Mary Ann had eight siblings although the last two of these were born after she was attending the School in Somers Place East, so perhaps it was the large size of the family that made her eligible. Unfortunately the Rough Minute Book, which lists details of ten of the candidates for the first admission, does not include any reference to Mary Ann Fiske so we are not party to the thinking behind her inclusion.
Unlike the last Mary Ann this blog focused on – who had a rather unladylike turn of phrase it would appear – Mary Ann Fiske seems to have passed her time at the School blamelessly. She did leave ‘before her time was due to expire’ however. In 1794, we are told that ‘In consideration of the peculiar circumstances of this child’ she was returned home with the sum of £10 and no further claims on the Charity. Her father was asked to collect her. This was a considerable sum of money for the time and is an indication that she was not leaving in any disgrace, for which she would have been dismissed summarily with no payment. A month later, her mother wrote to the Committee expressing gratitude and in this communication lies a hint of the reason the child left. Her mother wrote that ‘Ann’s health seemed very precarious for since she had been at home she had had frequent relapses of the disorder with which she was afflicted’.
We will never know what affliction she was suffering from in 1792. However, lest one might imagine that a burial record would be the next document found, it might come as a surprise to discover that Mary Ann Fiske actually died in 1862, some 70 years after she left with an affliction! In fact many of the family lived to ripe old ages. Prudence (the mother) was 96 when she died, Mary Ann 82 and Thomas Hammond Fiske, the brother whose home she shared at least between 1841 and 1861, was 83.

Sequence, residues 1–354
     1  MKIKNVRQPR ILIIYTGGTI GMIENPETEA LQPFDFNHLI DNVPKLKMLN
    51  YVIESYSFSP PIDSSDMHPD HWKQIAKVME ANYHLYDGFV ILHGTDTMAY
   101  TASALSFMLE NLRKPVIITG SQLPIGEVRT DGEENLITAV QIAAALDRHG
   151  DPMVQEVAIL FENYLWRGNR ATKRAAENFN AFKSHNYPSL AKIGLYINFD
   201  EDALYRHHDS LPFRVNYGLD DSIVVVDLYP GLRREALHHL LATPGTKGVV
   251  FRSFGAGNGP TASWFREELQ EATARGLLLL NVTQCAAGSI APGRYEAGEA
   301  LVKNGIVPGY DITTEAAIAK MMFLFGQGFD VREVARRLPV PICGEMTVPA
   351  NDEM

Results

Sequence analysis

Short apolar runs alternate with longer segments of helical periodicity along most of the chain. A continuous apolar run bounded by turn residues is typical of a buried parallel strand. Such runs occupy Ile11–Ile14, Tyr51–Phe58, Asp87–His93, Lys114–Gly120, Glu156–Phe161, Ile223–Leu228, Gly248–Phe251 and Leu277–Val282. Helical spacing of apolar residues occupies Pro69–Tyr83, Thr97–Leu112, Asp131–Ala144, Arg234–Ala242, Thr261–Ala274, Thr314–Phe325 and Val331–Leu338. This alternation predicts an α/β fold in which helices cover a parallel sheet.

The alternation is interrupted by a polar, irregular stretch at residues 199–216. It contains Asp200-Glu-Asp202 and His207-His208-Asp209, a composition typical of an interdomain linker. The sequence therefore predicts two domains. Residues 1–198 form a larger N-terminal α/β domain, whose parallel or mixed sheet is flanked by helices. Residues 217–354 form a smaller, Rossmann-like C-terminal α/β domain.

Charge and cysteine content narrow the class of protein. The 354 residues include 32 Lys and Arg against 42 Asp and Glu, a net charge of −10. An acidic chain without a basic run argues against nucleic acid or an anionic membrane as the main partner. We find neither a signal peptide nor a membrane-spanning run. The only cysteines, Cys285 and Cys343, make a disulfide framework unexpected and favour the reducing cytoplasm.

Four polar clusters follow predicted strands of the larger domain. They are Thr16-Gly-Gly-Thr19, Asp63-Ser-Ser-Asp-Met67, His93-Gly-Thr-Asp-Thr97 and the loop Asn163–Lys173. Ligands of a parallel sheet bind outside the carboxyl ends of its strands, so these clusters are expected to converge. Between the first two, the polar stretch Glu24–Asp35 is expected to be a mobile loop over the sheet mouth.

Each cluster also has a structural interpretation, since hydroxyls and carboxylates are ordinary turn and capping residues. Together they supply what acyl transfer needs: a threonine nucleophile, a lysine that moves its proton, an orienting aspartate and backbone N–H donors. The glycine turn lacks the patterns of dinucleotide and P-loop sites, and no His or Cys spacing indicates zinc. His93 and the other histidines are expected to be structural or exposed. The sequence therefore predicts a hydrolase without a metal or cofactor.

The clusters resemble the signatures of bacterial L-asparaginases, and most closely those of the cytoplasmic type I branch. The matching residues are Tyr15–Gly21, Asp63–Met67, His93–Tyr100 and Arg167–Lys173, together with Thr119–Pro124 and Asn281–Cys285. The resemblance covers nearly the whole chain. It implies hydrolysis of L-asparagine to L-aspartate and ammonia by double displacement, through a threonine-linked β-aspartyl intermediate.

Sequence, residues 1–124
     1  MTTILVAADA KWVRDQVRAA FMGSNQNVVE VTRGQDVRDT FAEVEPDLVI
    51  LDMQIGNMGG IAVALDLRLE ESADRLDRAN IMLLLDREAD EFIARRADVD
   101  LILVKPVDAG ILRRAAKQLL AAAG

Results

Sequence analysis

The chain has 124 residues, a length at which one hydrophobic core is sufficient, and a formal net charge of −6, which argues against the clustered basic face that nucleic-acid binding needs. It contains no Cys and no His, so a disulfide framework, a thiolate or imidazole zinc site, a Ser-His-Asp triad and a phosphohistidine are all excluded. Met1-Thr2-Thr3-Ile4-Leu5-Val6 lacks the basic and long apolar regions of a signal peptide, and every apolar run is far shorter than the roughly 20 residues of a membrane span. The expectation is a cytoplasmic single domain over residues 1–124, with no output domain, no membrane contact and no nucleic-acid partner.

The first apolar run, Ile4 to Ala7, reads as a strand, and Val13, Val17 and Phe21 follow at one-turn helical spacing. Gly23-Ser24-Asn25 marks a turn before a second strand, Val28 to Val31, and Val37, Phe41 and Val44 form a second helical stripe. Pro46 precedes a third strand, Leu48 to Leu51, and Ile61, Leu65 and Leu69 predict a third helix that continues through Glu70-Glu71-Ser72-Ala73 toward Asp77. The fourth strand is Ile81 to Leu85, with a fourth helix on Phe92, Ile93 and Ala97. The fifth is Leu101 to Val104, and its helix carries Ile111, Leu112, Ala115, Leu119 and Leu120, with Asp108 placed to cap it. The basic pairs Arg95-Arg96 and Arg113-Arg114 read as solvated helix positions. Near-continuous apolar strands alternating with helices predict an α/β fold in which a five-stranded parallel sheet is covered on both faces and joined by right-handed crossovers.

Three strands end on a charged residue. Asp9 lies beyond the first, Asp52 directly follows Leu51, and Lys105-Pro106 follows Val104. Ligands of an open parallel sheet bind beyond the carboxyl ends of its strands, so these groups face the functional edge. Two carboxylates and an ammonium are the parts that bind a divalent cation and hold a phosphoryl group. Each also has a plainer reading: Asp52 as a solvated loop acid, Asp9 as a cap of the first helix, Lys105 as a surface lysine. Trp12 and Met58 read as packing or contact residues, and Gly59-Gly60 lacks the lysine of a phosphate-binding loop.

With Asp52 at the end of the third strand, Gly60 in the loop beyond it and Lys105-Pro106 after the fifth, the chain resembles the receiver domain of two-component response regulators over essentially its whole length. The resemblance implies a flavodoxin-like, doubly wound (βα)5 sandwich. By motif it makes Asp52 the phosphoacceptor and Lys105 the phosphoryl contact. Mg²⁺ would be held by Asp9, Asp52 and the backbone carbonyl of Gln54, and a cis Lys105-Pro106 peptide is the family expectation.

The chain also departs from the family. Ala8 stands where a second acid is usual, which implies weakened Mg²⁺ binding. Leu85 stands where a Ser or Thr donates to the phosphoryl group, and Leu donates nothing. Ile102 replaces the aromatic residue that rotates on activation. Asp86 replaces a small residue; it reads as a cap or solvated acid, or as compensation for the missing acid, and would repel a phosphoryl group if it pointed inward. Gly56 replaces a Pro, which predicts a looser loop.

Jonathan (the father) died in 1823 in Marylebone and was buried on the 4th February (the ditto, ditto in the record).
London Metropolitan Archives; London, England; Reference Number: P89/mry1/326
Although, of course, we cannot be certain this is ‘our man’, it should be noted that the 1841 census does not find him with the rest of his family. Furthermore, Prudence is listed as a bookseller at Wigmore St in the 1828 Pigot’s directory which implies that it was a family business that Prudence took responsibility for after her husband’s death. The 1841 census did not record marital status so we do not know if Prudence was widowed but it seems likely. She is recorded, as are two of her daughters, as ‘Ind’. It might, however, explain why the Fiskes upped sticks and moved to Portsmouth if the head of the family had died. Mary Ann is sharing the household of her brother Thomas Hammond Fiske and it is in Portsmouth on 4th June 1862 that she dies and is buried, her address being given as the High St.
So from Marylebone Lane to High Street, Portsmouth, her life is mapped out albeit with tantalising gaps that one longs to fill!
Sibella Proctor, Ann Martin and Charlotte Richardson, three of the first pupils in January 1789, all lived in Courts. To wit: Black Swan Court, Wild Court and Flower de luce Court. Of these, only one still exists – Wild Court –immediately behind the Library and Museum of Freemasonry and United Grand Lodge.
A map of 1750 sort of shows Wild Court, on the edge of one map and the next, showing that the propensity for the places you want being right on the fold of gazetteers is not a new phenomenon!
Fifty years later and the court is a little clearer
Wild Court ran off Great Wild St with Little Wild St (now renamed Keeley St) running parallel. In 1781, a sermon was preached in Little Wild St.
Dr Samuel Stennett, a dissenting Baptist preacher, ministered to the Little Wild Street church. The map below, although somewhat later in date, shows the Baptist chapel.
His sermon was made on a day which had been declared a public fast. Unfortunately ‘references to public fasts are relatively scarce in public records’ (Religion and the American Civil War: Miller, Stout & Wilson, 1998) and the same must apply to UK as not a trace can be found to explain why February 21 1781 was a public fast day. For those with plenty of food it perhaps had more impact. For the less well-off, for whom a fair few days might involve fasting, the impact was less great.